A British entrepreneur’s guide to making it in Manhattan

Andrew Jennings, co-founder of fast-growing British watchmaker Larsson & Jennings, shares four key learnings from opening stores in New York

Larsson and Jennings is a contemporary British watchmaker with over 30 employees and over 100 points of sale globally.

Its double digit growth in recent years led to the need to expanding its portfolio of stores. Here, co-founder Andrew Jennings, shares what he learnt when the company opened its first USA standalone store in 2015.

“New York is one of the world’s most prominent shopping destinations and as such was an obvious choice for us embarking on our international expansion journey.

The opening of our stores on Prince Street in New York’s Soho district and a second to come on Bleecker Street this summer, has not been without challenges, but with clear rewards as a growth opportunity.

During the unanticipated lengthy process of bringing our overseas vision for the business to life, we learned some valuable lessons that I’m happy to share with fellow entrepreneurs looking to break into the US retail arena.

1. Understand your market 

Before expanding into any overseas market it’s important to gather as much local consumer insight as possible.

In the USA we monitored closely where we were generating online traffic and sales through our e-commerce site, giving us the assurance that there was significant consumer appetite for our product before opening.

Expanding overseas is undoubtedly a risk, and you don’t want to diminish the success you’ve achieved in your home market with an underperformance in a new market, so evidence-based decision making is vital.

2. Get on the ground

Visiting, investigating and making connections in your proposed new business destination is key to gaining the insights you need to run a business successfully overseas.

Just like in your home country where you know that person who can turn something around at the last minute, or a friend who is a great source of honest advice, it’s important to work towards gaining these kinds of connections in your new market.

A great way to do this is to attend industry events. For example, we’ve attended many Fashion Weeks overseas and met a variety of interesting and experienced people who have shared insights that have helped to shape the business.

For example, Wen Zhou, chief executive at Philip Lim, is someone I met through networking within the industry and is today a trusted confidante of mine and has been extremely helpful in sharing her knowledge of retailing overseas.

3. Test the waters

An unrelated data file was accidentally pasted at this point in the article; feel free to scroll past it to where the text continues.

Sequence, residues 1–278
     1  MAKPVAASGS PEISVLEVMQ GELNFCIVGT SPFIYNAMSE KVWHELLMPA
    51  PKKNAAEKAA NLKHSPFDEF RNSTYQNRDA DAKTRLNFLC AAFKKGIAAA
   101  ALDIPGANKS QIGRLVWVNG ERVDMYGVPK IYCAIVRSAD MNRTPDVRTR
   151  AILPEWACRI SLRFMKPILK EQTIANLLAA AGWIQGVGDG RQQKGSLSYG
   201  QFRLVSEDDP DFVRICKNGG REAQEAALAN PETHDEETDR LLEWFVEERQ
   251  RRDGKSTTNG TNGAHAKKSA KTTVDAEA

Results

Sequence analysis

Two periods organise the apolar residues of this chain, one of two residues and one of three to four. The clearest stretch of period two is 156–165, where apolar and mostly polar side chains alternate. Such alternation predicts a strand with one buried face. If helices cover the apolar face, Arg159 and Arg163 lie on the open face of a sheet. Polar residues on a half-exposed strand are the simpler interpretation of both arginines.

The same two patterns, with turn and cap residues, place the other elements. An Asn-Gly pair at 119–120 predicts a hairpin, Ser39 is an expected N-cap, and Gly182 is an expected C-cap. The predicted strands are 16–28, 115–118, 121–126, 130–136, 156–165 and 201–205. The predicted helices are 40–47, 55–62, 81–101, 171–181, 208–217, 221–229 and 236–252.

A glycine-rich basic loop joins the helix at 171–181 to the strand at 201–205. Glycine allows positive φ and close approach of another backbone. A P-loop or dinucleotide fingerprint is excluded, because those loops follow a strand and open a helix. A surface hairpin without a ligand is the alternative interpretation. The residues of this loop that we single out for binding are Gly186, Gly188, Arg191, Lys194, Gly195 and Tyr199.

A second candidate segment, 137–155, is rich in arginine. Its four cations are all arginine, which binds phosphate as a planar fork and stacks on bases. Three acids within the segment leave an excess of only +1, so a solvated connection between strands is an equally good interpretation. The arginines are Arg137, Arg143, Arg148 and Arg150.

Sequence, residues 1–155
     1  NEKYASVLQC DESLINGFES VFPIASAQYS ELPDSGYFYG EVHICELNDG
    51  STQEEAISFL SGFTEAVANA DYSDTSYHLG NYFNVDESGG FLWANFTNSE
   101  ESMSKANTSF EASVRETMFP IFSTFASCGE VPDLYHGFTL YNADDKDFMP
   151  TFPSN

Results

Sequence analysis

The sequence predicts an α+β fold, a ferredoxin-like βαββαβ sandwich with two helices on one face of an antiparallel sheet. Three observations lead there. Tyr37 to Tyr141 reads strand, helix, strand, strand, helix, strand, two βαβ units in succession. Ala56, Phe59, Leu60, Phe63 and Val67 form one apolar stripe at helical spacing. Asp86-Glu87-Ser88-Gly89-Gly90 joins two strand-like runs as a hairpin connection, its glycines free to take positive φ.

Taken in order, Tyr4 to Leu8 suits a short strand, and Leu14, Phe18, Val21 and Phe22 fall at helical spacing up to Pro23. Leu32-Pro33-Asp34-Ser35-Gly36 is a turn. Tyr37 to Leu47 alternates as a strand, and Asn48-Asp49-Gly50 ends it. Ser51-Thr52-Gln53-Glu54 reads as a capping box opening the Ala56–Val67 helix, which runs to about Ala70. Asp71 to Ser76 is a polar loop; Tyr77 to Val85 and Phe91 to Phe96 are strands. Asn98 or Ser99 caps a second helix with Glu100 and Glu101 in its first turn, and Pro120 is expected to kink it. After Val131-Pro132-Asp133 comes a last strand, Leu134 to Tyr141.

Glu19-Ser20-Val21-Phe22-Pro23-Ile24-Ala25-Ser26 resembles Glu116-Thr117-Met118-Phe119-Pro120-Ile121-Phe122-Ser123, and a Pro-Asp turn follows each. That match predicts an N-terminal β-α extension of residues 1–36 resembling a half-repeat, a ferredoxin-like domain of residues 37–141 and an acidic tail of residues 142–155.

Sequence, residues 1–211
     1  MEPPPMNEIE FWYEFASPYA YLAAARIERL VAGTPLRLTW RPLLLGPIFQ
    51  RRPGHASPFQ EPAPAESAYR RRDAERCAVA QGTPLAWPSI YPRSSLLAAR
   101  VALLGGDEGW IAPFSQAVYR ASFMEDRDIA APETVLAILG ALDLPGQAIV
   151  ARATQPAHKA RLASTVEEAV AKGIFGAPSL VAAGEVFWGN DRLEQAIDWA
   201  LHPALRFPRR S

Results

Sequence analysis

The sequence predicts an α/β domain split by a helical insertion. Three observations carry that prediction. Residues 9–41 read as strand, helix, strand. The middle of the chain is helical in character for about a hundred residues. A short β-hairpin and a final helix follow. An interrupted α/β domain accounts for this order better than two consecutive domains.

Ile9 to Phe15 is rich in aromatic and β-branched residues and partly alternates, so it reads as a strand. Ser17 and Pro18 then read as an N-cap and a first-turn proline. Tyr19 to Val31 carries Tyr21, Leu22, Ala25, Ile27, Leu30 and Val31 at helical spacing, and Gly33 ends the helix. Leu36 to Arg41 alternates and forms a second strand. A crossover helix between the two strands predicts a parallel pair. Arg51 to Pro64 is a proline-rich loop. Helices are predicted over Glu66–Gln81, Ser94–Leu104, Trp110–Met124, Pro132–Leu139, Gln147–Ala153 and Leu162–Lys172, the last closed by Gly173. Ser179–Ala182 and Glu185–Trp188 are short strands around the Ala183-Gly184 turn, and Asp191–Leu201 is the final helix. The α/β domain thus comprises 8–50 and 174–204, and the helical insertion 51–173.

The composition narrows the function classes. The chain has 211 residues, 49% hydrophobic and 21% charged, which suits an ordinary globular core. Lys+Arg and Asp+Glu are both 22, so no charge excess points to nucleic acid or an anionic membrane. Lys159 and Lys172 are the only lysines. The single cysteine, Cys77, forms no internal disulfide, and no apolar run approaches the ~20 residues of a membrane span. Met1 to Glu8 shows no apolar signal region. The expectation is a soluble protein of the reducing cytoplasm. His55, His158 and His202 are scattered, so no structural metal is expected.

Once you’re confident you’ve gathered a good understanding of your market and established connections on the ground, it’s time to test the waters.

We set up a series of concept spaces at industry events across the globe, including London Collections Men and CIFF Copenhagen International Fashion Fair, to do this.

These spaces enabled us to raise the profile of our brand amongst our peers and also give influencers the chance to see and try on our product, often resulting in important engagement through social media.

Through this concept space activation we were able to gauge both consumer and industry appetite for our product at relatively little cost to the business. This was crucial in helping us to make a more informed decision as to where to open our first own-brand store abroad.

4. It takes time

After setting our sights on New York, we quickly identified a space we wanted to lease and almost immediately our thoughts turned to an action plan for all of the elements we needed to bring together to create a presence in the city.

For example, our store in London’s Covent Garden has a unique minimal aesthetic, which has proved popular and engaging with shoppers, and we were keen to replicate this exactly in every retail space we open to demonstrate a clear and consistent brand identity.

When opening a shop or office overseas I would factor in large amounts of contingency time. Our opening in New York was delayed by more than six months due to logistical issues including finalising property contracts as non US residents.

This was time we hadn’t accounted for, meaning we missed out on projected sales and vital consumer engagement time.

We’ve also found recruitment overseas to be particularly challenging. In the UK we’ve hired staff based on recommendations or by bringing in people who we knew already within the industry. However, in an unfamiliar territory we needed to rely on external recruiters to source appropriate candidates for us.

I personally found it difficult to trust someone else’s opinion about potential employees who could really represent Larsson & Jennings, and that were demonstrating real passion for the brand that would last in the long-run.

I can imagine this is a challenge my peers will also struggle with as being an entrepreneur and building a powerful brand is very much about applying a personal vision.

When the time comes to grow, there simply isn’t time to continue to make every single ‘people’ decision yourself. But, you can make sure you provide a clear brief to those that will be acting on your behalf in new markets to ensure that vision doesn’t become diluted and distinct from its origins.

Andrew Jennings is the co-founder and CEO of Larrson & Jennings.

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